Magnetic Resonance Imaging Conversion Predictors of Clinically Isolated Syndrome to Multiple Sclerosis

Sara Peixoto, Pedro Abreu

Abstract


Introduction: Clinically isolated syndrome may be the first manifestation of multiple sclerosis, a chronic demyelinating disease of the central nervous system, and it is defined by a single clinical episode suggestive of demyelination. However, patients with this syndrome, even with long term follow up, may not develop new symptoms or demyelinating lesions that fulfils multiple sclerosis diagnostic criteria. We reviewed, in clinically isolated syndrome, what are the best magnetic resonance imaging findings that may predict its conversion to multiple sclerosis.
Material and Methods: A search was made in the PubMed database for papers published between January 2010 and June 2015 using the following terms: ‘clinically isolated syndrome’, ‘cis’, ‘multiple sclerosis’, ‘magnetic resonance imaging’, ‘magnetic resonance’ and ‘mri’.
Results: In this review, the following conventional magnetic resonance imaging abnormalities found in literature were included: lesion load, lesion location, Barkhof’s criteria and brain atrophy related features. The non conventional magnetic resonance imaging techniques studied were double inversion recovery, magnetization transfer imaging, spectroscopy and diffusion tensor imaging.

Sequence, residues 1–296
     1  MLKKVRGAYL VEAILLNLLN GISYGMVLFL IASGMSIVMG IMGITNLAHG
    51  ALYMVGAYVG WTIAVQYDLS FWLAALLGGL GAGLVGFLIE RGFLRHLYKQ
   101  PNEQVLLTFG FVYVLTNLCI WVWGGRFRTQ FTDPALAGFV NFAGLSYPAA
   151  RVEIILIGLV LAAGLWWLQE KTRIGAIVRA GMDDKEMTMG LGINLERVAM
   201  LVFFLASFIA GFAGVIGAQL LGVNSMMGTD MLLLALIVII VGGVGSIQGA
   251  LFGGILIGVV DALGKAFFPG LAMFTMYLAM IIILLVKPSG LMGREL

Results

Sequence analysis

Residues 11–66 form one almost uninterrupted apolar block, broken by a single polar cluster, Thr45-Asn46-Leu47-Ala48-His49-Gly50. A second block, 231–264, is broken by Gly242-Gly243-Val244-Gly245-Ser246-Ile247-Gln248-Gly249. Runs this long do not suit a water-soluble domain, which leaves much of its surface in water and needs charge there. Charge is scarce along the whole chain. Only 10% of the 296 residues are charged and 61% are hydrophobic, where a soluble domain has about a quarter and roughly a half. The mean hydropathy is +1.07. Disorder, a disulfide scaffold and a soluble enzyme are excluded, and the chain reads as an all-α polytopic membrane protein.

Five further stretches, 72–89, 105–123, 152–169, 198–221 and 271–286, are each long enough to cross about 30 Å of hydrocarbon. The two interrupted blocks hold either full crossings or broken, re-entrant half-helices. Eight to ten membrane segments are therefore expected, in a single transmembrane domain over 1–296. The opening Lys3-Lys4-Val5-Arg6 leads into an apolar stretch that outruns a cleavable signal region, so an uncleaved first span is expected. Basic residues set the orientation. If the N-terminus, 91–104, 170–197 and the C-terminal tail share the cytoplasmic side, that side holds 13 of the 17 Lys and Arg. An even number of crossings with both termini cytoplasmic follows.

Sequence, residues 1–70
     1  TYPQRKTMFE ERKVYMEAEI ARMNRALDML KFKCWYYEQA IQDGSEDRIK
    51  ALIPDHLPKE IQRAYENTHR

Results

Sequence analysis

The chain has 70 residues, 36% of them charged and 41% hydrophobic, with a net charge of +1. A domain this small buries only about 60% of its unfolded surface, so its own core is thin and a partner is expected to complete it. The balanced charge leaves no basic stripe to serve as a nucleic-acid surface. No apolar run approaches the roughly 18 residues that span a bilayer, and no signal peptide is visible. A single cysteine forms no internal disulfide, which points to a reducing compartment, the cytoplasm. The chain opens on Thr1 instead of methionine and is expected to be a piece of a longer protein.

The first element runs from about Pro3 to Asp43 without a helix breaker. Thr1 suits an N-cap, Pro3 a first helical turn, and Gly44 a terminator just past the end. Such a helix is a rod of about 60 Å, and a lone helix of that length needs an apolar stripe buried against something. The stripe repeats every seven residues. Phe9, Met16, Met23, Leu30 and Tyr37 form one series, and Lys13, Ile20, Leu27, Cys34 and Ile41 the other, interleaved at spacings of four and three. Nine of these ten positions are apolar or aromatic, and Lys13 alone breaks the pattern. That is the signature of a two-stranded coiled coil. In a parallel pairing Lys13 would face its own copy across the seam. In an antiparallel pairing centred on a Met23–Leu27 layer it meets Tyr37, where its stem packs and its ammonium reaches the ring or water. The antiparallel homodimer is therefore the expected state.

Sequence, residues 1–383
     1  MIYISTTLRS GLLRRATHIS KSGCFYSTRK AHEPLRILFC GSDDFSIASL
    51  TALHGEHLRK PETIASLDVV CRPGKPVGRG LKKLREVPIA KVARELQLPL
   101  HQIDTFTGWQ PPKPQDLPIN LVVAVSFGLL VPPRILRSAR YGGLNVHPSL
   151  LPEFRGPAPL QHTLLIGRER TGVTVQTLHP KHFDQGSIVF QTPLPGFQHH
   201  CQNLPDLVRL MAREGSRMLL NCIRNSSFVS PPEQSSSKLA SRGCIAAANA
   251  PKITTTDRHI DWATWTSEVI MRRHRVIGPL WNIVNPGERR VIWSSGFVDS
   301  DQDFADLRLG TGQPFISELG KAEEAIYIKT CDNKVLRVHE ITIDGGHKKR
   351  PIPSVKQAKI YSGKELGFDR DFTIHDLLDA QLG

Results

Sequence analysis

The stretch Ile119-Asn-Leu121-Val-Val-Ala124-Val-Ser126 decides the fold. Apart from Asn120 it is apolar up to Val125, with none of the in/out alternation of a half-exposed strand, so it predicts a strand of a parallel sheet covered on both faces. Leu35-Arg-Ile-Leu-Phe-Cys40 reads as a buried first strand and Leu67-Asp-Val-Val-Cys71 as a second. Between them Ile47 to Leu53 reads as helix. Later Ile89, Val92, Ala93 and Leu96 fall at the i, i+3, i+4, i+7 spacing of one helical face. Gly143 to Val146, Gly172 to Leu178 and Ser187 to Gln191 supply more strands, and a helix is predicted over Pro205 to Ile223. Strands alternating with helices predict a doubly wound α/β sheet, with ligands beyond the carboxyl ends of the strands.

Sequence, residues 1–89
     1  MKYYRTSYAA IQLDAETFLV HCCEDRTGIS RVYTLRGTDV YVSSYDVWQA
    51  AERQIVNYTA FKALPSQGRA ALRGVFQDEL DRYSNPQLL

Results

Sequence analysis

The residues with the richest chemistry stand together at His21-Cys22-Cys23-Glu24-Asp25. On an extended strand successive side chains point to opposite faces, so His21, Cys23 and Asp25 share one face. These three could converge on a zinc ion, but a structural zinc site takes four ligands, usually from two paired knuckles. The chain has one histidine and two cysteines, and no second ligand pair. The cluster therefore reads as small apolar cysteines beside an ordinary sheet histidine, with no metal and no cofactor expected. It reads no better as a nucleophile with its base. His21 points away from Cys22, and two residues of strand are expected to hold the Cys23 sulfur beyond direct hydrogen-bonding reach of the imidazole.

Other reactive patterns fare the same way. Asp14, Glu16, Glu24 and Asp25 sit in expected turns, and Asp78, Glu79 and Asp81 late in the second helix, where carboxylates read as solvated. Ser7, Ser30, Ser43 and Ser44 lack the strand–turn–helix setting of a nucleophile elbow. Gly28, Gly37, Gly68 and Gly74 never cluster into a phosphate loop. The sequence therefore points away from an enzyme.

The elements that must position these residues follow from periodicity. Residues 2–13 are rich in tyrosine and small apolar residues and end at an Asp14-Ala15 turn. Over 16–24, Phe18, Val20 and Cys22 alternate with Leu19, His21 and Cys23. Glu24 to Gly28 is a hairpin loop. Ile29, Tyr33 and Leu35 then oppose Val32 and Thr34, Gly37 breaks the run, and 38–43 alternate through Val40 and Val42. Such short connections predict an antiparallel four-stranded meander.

Discussion: The number and location of demyelinating lesions have a clear role in predicting clinically isolated syndrome conversion to multiple sclerosis. On the other hand, more data are needed to confirm the ability to predict this disease development of non conventional techniques and remaining neuroimaging abnormalities.
Conclusion: In forthcoming years, in addition to the established predictive value of the above mentioned neuroimaging abnormalities,
different clinically isolated syndrome neuroradiological findings may be considered in multiple sclerosis diagnostic criteria and/or change its treatment recommendations.


Keywords


Demyelinating Autoimmune Diseases, CNS; Magnetic Resonance Imaging; Multiple Sclerosis; Prognosis.

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